House prices have soared 11 percent a year, according to Britain’s largest building society, Nationwide, despite rapid interest rate increases this year.
The average house is now worth £271,209 with property inflation rising in July the 10.7 percent growth registered in June, and it was the twelfth consecutive month that housing prices increased.
The building society said the housing market had maintained a “surprising degree of momentum” amid the rising cost of living.
But prominent real estate broker Knight Frank said large increases in new mortgage rates meant “a slowdown is coming” for the housing market.
Pandemic boom: House prices have soared after an initial flicker at the start of the Covid-19 pandemic, the Nationwide index shows
Nationwide said it expects the market to slow as the cost-of-living crisis continues, with inflation expected to reach double digits later in the year.
The Bank of England’s Monetary Policy Committee is forecast to raise the base rate by 0.50 basis point to 1.75 percent on Thursday as it struggles to control inflation.
The large increase in the base rate of 0.1 per cent at the end of 2021 has led to a spike in mortgage costs, with new fixed-rate offers jumping up substantially to potentially add hundreds of pounds to the monthly cost of buying a home.
If the base rate continues to rise, it will increase the pressure on some borrowers and potentially force others out of the market.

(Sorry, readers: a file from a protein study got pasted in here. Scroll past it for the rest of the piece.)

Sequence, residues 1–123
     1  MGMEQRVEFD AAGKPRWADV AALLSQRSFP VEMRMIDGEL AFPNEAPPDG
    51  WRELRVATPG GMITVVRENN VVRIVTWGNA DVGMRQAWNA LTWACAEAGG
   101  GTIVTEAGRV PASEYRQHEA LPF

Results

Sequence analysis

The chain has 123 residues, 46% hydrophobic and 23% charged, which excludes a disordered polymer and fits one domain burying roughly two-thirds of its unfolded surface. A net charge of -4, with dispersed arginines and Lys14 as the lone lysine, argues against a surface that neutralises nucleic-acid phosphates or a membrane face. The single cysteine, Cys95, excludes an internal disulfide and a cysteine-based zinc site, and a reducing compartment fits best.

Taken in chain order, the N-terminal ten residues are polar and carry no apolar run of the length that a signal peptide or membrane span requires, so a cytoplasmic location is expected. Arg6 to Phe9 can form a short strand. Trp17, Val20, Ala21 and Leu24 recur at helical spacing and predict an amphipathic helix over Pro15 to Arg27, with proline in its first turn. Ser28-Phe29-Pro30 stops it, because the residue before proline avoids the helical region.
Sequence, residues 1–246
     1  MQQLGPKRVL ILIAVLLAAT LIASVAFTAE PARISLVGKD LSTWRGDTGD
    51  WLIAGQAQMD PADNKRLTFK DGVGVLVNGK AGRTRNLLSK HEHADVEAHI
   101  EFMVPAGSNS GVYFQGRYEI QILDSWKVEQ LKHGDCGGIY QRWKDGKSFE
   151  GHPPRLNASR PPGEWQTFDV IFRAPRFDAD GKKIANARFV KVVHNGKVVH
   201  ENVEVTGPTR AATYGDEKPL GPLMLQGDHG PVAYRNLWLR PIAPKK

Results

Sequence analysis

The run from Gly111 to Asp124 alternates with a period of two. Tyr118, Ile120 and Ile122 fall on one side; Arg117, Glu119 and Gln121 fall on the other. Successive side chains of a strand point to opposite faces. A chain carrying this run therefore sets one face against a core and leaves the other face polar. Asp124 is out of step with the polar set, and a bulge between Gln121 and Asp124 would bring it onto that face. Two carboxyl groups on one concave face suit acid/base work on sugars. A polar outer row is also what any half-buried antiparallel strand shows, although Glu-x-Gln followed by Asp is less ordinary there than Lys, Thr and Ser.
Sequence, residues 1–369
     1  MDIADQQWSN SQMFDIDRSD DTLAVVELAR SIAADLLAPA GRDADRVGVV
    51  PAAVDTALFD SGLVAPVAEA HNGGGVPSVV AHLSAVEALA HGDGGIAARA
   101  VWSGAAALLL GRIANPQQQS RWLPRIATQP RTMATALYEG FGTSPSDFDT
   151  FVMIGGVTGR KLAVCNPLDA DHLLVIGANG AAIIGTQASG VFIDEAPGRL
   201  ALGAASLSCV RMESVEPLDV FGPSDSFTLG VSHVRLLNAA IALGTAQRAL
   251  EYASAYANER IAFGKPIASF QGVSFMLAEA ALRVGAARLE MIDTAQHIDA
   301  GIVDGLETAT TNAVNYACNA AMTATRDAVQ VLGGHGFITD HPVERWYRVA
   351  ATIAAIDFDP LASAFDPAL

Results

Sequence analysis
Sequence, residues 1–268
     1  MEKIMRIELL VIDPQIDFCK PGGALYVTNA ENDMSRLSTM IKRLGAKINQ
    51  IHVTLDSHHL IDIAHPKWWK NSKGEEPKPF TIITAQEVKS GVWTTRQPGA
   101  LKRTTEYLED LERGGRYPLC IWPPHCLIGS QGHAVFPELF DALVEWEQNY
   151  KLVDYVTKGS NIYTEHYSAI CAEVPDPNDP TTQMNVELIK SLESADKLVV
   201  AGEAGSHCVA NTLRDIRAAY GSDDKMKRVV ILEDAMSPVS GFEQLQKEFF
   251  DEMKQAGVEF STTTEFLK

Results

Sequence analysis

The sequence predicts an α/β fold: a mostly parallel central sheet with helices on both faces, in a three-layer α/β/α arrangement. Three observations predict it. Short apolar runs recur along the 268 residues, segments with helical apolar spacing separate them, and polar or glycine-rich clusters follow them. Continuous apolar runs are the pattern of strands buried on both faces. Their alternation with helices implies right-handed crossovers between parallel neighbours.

Commenting on the figures, Robert Gardner, Nationwide’s chief economist, said: “The housing market has retained a surprising degree of momentum given mounting pressures on household budgets due to high inflation, which has already pushed consumer confidence to historical lows”.
“While there are tentative signs of a slowdown in activity, with the number of home purchase mortgage approvals falling in June, this has yet to translate into price growth.”
The price isn’t right: Buying a home is more expensive recently than ever compared to wages, Nationwide data shows
However, others are less optimistic. Tom Bill, head of UK residential research at Knight Frank, said: “Despite double-digit house price growth, a slowdown is ahead.
‘Mortgages have gotten noticeably more expensive in recent months and inflation will get worse before it gets better.
“For those wondering how house prices can continue to grow as the cost of living contraction intensifies, the answer is that they are happening for the same reason: a supply chain disruption.
“As more properties are listed and demand eventually slows down with higher rates, we expect price growth to fall to single digits this year.”
Analysts at Capital Economics have predicted that house price growth will not just slow, but fall, forecasting a 5 percent drop from current levels by the end of 2023.
The firm’s Andrew Wishart said: “We think the main takeaway from the July numbers is that house prices may already be stagnating.
“So while limited inventories have supported prices so far, we think it’s only a matter of time before deteriorating demand causes house prices to fall.”
Continued climb: UK house price growth has persisted despite economic headwinds
How well is the housing market holding up?